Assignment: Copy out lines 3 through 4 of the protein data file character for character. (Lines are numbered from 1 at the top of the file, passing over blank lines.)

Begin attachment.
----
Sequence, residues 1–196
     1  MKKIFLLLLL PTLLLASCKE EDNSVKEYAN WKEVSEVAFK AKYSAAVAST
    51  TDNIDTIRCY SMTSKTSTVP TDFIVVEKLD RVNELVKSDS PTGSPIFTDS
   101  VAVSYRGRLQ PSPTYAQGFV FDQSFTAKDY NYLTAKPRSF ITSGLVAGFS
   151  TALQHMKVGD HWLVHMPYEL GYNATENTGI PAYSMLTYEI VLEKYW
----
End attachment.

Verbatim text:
    51  TDNIDTIRCY SMTSKTSTVP TDFIVVEKLD RVNELVKSDS PTGSPIFTDS
   101  VAVSYRGRLQ PSPTYAQGFV FDQSFTAKDY NYLTAKPRSF ITSGLVAGFS